**Field theoretical model**

**Can we discuss symmetry breaking **

**without ordinary conservation law?**

**Ex)** **Symmetry of Brownian motion**

### d

### dt u(t) = u(t) + ⇠(t) d

### dt x(t) = u(t)

### L = x ⇥ u

**Angular momentum** d

### dt hL(t)i = hx ⇥ u(t)i 6= 0 **Langevin equation**

### h⇠ ^{i} (t)⇠ _{j} (t ^{0} ) i = 2 ^{ij} T (t t ^{0} )

**not conserved**

**Langevin equation**

### d

### dt u(t) = u(t) + ⇠(t)

**Fokker-Planck equation**

### @ _{t} P (t, u) = @

### @u _{i}

### ⇣ T @

### @u _{i} + u _{i} ⌘

### P (t, u)

**Path integral** **Martin-Siggia-Rose formalism**

### Z =

### Z

### D Due ^{iS[ ,u]}

**Dynamic action:** ^{iS =} ^{Z} ^{dt} ^{h} ^{i} ^{i} ^{⇣ d} _{dt} ^{u} ^{i} ^{+ u} ^{i} ^{⌘} ^{T} ^{2} i

### i

### i ! R ^{ij} ^{j} u _{i} ! R ^{ij} u _{j}

**O(3) symmetry**

### with ^{R} ik R _{kj} = _{jk}

**Symmetry of Dynamic action**

**Noether charge**

### L _{MSR} = ⇥ u L = x ⇥ u

### L _{MSR} 6= L

### iS =

### Z

### dt h

### i _{i} ⇣ d

### dt u _{i} + u _{i} ⌘

### T ^{2} _{i} i

**Open quantum system**

### 1 2

**time**

### complex

**Schwinger-Keldysh Path integral**

**cf. for review, Sieberer, Buchhold, Diehl, 1512.00637**

### Z = Z

### D ^{1} D ^{2} exp h

### iS[ _{1} ] iS[ _{2} ] + iS _{12} [ _{1} , _{2} ] i

### : Interaction with environment

### S[ _{1} ] S[ _{2} ]

**: forward evolution**

**: backward evolution **

### S _{12} [ _{1} , _{2} ]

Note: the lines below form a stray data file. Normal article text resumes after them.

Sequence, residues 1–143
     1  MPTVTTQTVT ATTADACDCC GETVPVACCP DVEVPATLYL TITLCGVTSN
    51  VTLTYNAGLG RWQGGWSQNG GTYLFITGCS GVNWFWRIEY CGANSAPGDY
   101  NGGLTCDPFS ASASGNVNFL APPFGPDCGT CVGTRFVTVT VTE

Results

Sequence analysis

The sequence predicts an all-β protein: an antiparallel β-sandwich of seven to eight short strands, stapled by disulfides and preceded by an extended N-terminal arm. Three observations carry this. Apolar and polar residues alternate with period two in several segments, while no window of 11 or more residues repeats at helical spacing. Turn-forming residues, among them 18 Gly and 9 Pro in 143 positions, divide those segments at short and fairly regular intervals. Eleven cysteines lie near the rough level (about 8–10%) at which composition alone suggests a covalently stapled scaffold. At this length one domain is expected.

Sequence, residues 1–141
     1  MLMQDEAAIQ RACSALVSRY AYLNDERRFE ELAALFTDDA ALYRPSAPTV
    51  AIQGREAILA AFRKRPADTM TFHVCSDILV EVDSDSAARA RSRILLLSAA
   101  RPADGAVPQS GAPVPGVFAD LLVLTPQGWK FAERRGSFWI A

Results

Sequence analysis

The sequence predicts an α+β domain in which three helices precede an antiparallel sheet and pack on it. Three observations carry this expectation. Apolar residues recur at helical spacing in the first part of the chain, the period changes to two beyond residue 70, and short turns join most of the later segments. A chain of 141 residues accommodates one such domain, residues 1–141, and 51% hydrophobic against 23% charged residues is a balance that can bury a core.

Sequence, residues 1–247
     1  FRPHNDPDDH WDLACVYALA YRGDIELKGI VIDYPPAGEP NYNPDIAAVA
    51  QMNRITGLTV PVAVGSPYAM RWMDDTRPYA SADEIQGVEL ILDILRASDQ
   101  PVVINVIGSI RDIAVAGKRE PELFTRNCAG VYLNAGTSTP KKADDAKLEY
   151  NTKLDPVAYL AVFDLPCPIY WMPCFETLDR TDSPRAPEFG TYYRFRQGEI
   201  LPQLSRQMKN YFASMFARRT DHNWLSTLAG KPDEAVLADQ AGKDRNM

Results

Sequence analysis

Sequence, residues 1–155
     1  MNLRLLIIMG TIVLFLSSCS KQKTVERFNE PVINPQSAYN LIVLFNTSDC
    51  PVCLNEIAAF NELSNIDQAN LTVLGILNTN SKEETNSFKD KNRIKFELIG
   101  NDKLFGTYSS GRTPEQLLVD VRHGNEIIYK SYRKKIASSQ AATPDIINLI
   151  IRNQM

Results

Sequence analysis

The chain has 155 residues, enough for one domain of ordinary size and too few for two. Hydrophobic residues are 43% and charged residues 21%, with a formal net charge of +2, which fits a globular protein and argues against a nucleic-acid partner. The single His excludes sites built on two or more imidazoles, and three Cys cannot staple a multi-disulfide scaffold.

**Example**

**Lindblad equation**

### @ _{t} ⇢ = i[H, ⇢] + ⇣

### L⇢L ^{†} 1

### 2 (L ^{†} L⇢ + ⇢L ^{†} L) ⌘ **fluctuation and dissipation**

**Action**

### S[ ] = 1

### 2 (@ _{µ} ) ^{2} 1

### 2 m ^{2 2}

### 4!

### 4

### iS _{12} [ _{1} , _{2} ] = L( _{1} )L ^{†} ( _{2} )

### 2

### ⇣ L( _{1} )L ^{†} ( _{1} ) + L( _{2} )L ^{†} ( _{2} ) ⌘

**R/A basis**

### S[ _{1} ] S[ _{2} ] = Z

### d ^{4} x _{A} ⇣

### @ _{µ R} ^{2} m ^{2} _{R}

### 3!

### 3 R

### ⌘ + Z

### d ^{4} x

### 24

### 3 A R

### R = 1

### 2 ( _{1} + _{2} ) _{A} = _{1} _{2}

**classical field** **fluctuation**

**classical Equation of motion**

### iS _{12} [ _{R} , _{A} ] = _{A} @ _{0 R} A 2

### 2 A + · · ·

**For example, **

**Symmetry of Open quantum system**

### 1 2

**time**

### S[ _{1} ], S[ _{2} ]

### Q _{1} , Q _{2} :Symmetry generators:

### Q _{R} = Q _{1} + Q _{2} 2

### Q _{A} = Q _{1} Q _{2}

### Suppose S _{12} [ _{1} , _{2} ] 2

### are invariant.

### is invariant under

### complex

### We also define

**Schwinger-Keldysh Path integral**

**cf. for review, Sieberer, Buchhold, Diehl, 1512.00637**

### Z = Z

### D ^{1} D ^{2} exp h

### iS[ _{1} ] iS[ _{2} ] + iS _{12} [ _{1} , _{2} ] i

**Ex1)** **SU(2)xU(1) model Type-A** ^{V ( )}

**Linear analysis**

**NG type-A mode**

### ! ^{2} i ! + k ^{2} = 0

**diﬀusion mode** (@ _{0} ^{2} + @ _{0} r ^{2} )⇡ _{a} = 0

### ! = i

### 2 ± i 2

### p 2 4k ^{2} ⇠ i

### k ^{2} , i + i

### k ^{2}

**Spontaneous symmetry breaking**

**Minami, YH (’15)**

### ' _{R/A} **two component complex field**

### ' _{R} = (⇡ _{1} + i⇡ _{2} , v + h + i⇡ _{3} )

### iS = Z

### d ^{4} x h